The quality manual outlines the information related to the organisations quality management system, including the organisations goals and objectives, scope (i.e. products and industry and any exclusions), context (i.e. identify internal and external issues to prioritise and address factors which may affect the organisation), description of the process, roles and responsibilities, expectations, and quality policies. It also provides a precise record of all the documents related to the quality management system (e.g. procedures and standard operating procedures), i.e. it acts as an index or table of contents for the entire scope of the QMS.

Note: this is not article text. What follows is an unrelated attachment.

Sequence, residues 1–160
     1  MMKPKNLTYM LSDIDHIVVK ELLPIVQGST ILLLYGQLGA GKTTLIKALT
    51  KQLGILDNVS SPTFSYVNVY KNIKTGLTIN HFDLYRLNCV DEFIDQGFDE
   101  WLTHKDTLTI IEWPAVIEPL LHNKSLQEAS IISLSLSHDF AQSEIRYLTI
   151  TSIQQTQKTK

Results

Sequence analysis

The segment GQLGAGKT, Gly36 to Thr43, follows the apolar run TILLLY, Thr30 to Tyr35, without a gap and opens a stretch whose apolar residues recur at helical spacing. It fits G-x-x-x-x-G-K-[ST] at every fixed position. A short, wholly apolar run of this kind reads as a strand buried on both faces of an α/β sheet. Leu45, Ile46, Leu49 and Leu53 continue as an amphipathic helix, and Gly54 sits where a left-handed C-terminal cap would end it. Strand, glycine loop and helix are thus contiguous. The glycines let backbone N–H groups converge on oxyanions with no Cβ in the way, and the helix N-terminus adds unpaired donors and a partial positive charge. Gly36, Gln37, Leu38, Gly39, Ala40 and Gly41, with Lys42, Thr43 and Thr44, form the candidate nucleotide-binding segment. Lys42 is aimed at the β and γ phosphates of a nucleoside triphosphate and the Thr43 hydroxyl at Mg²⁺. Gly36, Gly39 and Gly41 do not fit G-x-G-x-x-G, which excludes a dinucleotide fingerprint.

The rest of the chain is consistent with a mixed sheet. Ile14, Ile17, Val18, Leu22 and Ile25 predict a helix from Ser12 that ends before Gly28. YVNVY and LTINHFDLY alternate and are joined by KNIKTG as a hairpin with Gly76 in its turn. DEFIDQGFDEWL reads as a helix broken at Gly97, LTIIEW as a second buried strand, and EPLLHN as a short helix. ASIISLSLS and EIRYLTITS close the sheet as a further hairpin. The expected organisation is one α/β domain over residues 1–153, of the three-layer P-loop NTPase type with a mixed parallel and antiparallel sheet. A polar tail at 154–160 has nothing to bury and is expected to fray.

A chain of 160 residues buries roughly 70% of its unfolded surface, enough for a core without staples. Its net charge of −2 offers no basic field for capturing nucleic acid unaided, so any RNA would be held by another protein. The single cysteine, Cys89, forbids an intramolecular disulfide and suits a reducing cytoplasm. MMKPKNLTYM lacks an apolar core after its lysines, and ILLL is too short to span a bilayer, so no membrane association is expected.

Documented procedures define the policy in terms of who, what and where. Responsibilities and actions are outlined
Documented work instructions, drawings and visual aids provide information about how to perform activities and processes.
Records are completed forms which provide objective evidence of activities performed or results achieved.
Benefits of a documented QMS
The quality management system influences every aspect of the businesses performance. The reported benefits include:
- Outlining the businesses direction
- Engaging employees
- Ensuring processes are defined and controlled
- Improving processes, reducing waste and lowering costs
- Identifying training areas and improvements
- Consistently meeting organisational, regulatory and customer requirements
- Enhancing customer satisfaction and maintaining a good reputation
Ultimately, a QMS is a proactive approach which helps reduce issues before they arise through a continuous process of process and product assessment, auditing and fault correction.